In the days leading up to her birthday, Alma Carter would tell friends and staff at the Royse City Medical Lodge where she resides that she needed to rest so that she could make it to her birthday. This past week she made it.
Alma Carter celebrated her 100th birthday this past Wednesday surrounded by family members from the Dallas/Fort Worth area and as far down as Houston who came to Royse City to have lunch with her.
“I love people,” she said as she saw her kids, now parents and grandparents themselves, walk into her room on her birthday. “I’ve got a big family and I love to be with all of them.”
When asked what the secret to living a hundred years is, she responded with one word: Happiness.
“That’s the only thing I can think of,” Carter said. “We had a happy family, a big family. We were good Christians. I don’t have anything to complain about, except losing my husband.”
Her husband, Warren Carter, was a World War II veteran and dentist in Dallas where the two of them raised their five kids. He passed away in 1992 after more than 50 years of marriage.
“We were very, very close so it was difficult, but we raised five kids.”
Yet at 100 years of age, she still cracks jokes and embarasses her kids when they’re around - it’s one of the things that makes the centenarian laugh.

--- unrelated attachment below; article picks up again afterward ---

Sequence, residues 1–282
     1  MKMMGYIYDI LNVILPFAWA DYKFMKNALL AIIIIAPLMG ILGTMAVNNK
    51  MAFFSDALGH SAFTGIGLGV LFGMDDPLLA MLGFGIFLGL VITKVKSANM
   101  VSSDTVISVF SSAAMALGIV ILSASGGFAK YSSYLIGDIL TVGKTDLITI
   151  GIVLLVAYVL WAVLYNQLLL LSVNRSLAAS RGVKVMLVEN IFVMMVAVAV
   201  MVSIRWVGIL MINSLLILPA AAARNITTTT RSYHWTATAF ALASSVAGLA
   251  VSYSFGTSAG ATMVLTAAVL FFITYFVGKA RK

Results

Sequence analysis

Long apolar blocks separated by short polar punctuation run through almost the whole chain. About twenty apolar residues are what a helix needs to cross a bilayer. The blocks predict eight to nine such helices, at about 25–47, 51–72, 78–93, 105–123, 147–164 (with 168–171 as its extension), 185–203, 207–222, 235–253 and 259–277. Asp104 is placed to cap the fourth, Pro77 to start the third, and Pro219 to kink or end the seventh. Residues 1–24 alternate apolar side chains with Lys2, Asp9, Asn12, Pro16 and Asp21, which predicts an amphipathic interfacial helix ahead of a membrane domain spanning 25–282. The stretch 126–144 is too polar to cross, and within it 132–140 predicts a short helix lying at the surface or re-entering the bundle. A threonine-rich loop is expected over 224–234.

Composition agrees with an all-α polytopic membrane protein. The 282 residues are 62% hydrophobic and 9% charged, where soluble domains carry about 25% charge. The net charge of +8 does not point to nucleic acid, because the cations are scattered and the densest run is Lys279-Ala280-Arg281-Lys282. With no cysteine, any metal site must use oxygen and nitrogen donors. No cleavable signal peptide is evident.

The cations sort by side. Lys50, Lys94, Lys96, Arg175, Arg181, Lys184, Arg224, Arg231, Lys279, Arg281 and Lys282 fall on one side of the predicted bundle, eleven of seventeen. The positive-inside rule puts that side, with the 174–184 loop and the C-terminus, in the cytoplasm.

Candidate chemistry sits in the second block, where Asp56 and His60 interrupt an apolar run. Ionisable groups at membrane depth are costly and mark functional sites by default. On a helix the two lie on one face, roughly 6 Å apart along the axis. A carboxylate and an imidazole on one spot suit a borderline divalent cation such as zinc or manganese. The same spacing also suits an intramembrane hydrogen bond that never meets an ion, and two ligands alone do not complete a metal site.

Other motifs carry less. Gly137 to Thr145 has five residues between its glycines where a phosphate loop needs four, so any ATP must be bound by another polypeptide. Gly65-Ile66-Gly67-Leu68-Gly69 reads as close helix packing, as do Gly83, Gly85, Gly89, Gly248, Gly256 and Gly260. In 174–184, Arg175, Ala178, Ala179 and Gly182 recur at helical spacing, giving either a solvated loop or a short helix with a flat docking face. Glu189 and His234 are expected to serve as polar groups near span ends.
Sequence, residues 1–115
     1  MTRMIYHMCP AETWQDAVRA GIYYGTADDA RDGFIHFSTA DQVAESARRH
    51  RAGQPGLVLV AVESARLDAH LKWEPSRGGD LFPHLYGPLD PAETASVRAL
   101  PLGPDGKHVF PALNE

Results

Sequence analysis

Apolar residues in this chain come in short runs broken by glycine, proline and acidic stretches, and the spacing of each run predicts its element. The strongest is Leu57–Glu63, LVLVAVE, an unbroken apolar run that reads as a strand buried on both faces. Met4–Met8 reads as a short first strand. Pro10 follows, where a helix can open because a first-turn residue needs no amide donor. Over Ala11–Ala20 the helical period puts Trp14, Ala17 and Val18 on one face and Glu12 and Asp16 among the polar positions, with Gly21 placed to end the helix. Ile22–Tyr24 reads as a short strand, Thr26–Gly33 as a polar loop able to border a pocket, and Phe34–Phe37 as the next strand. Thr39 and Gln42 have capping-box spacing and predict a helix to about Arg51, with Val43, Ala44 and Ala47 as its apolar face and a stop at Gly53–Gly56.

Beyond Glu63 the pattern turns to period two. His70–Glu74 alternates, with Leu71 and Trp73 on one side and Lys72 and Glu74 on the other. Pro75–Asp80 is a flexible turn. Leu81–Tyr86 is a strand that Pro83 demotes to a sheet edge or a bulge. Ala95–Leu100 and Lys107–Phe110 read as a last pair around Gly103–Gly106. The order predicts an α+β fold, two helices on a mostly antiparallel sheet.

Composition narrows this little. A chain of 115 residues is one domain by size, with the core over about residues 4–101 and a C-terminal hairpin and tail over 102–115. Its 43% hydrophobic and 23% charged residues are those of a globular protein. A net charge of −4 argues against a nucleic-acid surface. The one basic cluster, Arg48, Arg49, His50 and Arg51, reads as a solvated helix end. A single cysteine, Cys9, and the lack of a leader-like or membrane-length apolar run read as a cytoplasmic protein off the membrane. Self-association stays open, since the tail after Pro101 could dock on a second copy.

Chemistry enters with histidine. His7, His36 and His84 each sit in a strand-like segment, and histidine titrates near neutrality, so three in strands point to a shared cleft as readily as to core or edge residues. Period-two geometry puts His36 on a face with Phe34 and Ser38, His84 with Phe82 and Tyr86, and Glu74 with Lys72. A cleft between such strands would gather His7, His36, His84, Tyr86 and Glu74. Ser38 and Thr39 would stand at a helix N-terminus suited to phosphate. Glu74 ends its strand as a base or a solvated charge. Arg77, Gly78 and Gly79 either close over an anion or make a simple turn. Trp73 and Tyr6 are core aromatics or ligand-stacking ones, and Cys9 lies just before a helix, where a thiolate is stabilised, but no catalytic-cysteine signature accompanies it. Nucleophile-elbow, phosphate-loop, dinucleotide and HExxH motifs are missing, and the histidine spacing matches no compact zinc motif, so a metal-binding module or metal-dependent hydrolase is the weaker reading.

“They put up with me all these years and I got plenty more of them, too. I’m not going to say anything else embarrassing,” she said looking at her daughter Joy across the room “I like it though, because she’s easily embarrassed.”
When she’s not joking around or speaking with others, she enjoys sleeping, reading and solving crossword puzzles.
“I love being old,” she said.
In addition to recalling her childhood playing basketball and baseball when the local team finally had enough members, she remembered the advice her mother gave her when she was younger.
“My mother always said ‘Live your life so that when you get ready to close your eyes the last time you won’t be doing it tearfully, except for hating to leave people,’” Carter recalled.
Carter was born to James and Georgia Thomas on Sept. 11, 1919 in Chalk, Texas and later moved with her family to nearby Dumont before they headed to Lubbock, where she met her future husband. The two were married in 1940.
She was a PTA member, scout leader, Sunday school and vacation bible school teacher. Her family also remembers when she would hand make their clothes and cook for the entire family.
The celebration on Sept. 11 at the medical lodge was the prelude to the larger celebration her loved ones held in Rockwall on Saturday. Family members anticipated 80 or more people would be in attendance to celebrate the centenarian.
“You won’t talk to too many people older than I am, but I love being old,” Carter said. “We’ve had a good life. My mother and daddy taught us to be happy with what we have and we were.”